The first step towards becoming a birder is getting your hands on a good field guide. A field guide is a collection of images, descriptive text, and range maps that helps a bird watcher identify birds. All birds have field marks (physical traits such as markings, shape, color) that are unique. These field marks, combined with other clues such as distribution, voice, and behavior, help a bird watcher identify the birds he or she sees.
Choosing a field guide
The ideal field guide is easy to use, portable, and accurate. We are lucky as birders that we have many excellent field guides from which to choose. We provide a list of some of the current field guides at the end of this article.
The MOST important thing about your field guide is that you have one that is appropriate for the region in which you live and watch birds. Today there are field guides for all of North America; for just the eastern or western half; for specific states or provinces, and even for smaller geographic areas, such as counties, birding trails, and specific refuges, parks, or preserves.
The SECOND most important thing is that your field guide is easy for you to use. Become familiar with its content and layout. When you have some non-birding time, flip through the guide and get to know where the sparrows are, where the owls are, where the ducks are – so you can find them quickly when you need to look up a bird.
Field guides are typically organized taxonomically. This means that related birds are grouped together in an order established by ornithologists going from the least-evolved birds (loons, grebes, waterfowl) to the most highly evolved birds (warblers, sparrows, finches). Many guides provide a color-tab key to help you find bird families quickly.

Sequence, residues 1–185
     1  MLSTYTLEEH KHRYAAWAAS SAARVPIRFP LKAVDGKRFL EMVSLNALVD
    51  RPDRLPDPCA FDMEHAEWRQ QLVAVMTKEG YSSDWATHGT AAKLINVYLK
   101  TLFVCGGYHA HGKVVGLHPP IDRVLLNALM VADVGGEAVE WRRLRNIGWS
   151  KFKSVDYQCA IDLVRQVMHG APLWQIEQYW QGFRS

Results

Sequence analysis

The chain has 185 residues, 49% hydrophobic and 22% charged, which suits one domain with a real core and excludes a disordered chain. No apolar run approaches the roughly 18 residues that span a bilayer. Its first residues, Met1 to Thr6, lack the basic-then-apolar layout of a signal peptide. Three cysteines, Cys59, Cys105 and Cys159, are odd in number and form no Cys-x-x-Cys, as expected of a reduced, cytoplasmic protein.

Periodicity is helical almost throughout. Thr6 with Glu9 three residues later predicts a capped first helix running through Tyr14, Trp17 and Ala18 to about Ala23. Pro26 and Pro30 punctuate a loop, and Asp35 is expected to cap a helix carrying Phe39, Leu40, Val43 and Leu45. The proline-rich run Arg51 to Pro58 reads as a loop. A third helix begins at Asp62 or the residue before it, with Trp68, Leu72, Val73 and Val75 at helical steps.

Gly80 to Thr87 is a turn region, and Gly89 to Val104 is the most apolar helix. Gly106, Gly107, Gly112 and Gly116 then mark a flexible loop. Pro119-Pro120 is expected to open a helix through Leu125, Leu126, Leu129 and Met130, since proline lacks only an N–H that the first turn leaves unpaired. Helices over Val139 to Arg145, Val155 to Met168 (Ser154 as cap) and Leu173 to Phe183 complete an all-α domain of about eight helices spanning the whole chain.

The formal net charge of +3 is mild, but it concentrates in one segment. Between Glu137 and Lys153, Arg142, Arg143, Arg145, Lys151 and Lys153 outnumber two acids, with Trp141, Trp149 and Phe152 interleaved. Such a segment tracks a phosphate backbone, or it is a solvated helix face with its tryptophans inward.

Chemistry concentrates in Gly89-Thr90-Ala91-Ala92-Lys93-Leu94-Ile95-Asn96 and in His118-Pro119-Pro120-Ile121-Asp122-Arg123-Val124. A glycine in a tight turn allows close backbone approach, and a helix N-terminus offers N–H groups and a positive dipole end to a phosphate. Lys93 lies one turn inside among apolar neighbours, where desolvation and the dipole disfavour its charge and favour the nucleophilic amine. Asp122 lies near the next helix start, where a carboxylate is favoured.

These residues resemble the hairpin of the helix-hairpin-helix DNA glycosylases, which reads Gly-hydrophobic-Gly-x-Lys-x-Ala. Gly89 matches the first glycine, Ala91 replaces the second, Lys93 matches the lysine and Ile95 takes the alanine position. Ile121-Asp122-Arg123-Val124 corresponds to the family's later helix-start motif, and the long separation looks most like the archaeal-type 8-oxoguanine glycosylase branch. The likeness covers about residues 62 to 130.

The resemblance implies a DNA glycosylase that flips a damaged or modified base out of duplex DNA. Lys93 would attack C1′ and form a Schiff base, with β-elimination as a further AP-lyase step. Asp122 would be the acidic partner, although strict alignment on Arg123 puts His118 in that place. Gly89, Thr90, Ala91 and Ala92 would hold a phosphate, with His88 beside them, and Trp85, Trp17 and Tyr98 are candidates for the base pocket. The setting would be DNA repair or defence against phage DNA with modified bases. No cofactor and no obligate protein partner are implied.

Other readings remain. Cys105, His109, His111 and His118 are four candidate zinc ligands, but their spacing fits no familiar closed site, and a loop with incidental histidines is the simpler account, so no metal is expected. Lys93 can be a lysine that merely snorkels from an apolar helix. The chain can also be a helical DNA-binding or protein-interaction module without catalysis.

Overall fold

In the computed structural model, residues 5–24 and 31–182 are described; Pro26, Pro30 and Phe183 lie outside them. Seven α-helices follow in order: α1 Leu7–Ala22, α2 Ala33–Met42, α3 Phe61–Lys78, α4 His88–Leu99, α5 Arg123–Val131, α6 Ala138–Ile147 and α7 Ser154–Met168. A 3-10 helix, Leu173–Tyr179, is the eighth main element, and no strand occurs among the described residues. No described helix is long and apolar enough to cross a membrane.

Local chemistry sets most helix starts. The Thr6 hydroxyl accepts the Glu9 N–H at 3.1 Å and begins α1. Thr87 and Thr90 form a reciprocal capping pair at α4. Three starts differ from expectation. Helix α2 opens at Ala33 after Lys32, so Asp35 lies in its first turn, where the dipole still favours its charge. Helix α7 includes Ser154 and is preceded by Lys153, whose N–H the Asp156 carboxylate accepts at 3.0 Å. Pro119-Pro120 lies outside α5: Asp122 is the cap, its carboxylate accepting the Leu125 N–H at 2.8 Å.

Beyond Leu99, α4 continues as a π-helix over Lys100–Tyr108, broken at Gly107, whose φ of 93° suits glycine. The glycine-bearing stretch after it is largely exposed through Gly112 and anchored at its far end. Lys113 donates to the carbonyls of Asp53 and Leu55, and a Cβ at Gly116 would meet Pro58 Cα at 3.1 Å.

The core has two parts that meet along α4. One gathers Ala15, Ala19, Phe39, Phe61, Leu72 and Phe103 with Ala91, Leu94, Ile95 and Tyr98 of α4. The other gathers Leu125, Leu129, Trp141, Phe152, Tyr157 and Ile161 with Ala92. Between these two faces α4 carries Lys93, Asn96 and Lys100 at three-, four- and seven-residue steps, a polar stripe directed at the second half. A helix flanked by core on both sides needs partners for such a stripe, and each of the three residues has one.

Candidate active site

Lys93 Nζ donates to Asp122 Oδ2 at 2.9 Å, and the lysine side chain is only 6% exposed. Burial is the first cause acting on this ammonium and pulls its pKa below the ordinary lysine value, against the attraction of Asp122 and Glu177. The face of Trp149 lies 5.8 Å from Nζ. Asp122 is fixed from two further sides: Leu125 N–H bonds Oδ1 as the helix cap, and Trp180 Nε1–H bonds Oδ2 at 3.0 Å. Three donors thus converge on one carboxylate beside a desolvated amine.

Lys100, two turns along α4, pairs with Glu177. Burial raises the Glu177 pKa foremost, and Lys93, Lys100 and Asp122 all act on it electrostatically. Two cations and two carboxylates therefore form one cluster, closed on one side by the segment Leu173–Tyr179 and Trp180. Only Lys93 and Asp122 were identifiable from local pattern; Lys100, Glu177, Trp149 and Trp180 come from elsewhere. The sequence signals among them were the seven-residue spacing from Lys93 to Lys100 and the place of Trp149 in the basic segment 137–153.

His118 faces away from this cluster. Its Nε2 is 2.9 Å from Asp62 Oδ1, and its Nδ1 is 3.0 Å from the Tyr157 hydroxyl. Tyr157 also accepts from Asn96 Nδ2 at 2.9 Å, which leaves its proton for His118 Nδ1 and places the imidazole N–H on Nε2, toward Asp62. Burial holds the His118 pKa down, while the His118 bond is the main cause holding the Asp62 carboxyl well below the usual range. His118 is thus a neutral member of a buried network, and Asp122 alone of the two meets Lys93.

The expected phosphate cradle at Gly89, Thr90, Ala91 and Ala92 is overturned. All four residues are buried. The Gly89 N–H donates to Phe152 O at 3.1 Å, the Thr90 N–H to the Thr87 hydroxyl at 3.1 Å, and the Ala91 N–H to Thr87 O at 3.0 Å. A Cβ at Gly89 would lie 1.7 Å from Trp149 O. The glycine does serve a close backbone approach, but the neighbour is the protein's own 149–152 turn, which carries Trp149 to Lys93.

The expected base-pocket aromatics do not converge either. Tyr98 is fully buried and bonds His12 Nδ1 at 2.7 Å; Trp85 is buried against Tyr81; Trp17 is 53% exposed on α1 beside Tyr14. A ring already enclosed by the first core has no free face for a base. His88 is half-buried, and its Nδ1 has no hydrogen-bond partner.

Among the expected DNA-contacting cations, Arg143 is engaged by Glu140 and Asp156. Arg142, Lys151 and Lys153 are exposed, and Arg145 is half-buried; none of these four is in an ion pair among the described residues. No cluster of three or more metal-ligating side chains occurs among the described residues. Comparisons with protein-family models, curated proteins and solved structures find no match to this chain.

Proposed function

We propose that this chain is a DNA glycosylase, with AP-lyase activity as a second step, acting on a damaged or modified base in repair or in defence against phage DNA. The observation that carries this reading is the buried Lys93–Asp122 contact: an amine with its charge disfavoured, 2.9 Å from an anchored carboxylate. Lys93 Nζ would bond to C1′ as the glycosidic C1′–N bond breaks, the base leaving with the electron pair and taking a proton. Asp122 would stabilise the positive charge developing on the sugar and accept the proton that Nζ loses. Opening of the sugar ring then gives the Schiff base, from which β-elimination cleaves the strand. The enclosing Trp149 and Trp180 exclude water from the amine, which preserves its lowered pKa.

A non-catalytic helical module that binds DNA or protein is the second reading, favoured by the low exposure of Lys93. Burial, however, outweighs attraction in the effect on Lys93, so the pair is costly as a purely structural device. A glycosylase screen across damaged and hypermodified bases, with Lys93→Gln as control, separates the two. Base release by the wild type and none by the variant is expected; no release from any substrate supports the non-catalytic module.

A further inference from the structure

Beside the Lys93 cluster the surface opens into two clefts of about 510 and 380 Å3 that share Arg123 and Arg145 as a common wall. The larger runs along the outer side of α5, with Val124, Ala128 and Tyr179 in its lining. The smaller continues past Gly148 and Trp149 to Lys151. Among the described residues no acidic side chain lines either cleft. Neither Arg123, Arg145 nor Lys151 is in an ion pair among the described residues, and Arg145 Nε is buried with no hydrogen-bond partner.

The THIRD most important thing to remember when using your guide in the field is: Look at the bird, not at the book. We often make the mistake, in our excitement at seeing an unfamiliar bird, of taking a quick glance at the bird and then dropping our binoculars to find it in the field guide. Frequently we don’t have enough visual information to make a positive identification, so we grab the binocs for another look and the bird is gone.
This is why we look at the thing with wings (the bird) until we’ve noted enough field marks to narrow our searching down in the field guide (which stays put because it does not have wings).
So bird watching goes something like this:
- See a bird.
- Find it in the binoculars.
- Look for field marks and other clues.
- Watch it a little longer, especially if it’s an unfamiliar species.
- Try to determine what type of bird it is: hawk, duck, heron, warbler, finch, etc.
- THEN reach for the field guide and find the matching species.
Recommended Field Guides
Here are some recommended field guides for young birders. Ask a parent or teacher to help you track one (or more) of these down at your local library, a good bookstore, or online.
The Young Birder’s Guide to Birds of North America, Houghton Mifflin Harcourt Publishing Company, Boston, MA.
The Peterson Field Guide Series, Houghton Mifflin Harcourt Co., Boston, MA.
Field Guide to Birds of North America, National Geographic Society, Washington, D.C.
Birds of North America and Eastern Birds, Golden Press, New York, NY.
The Stokes Field Guide to Birds, Little, Brown, Boston, MA.
Sibley Field Guides, Knopf, New York, NY.
Kaufman Field Guides, Houghton Mifflin Harcourt Publishing Company, Boston, MA.
Once you’ve got a field guide, you’ll be identifying birds in no time. Add a good pair of binoculars and you’ll be well on your way to becoming a pro birder.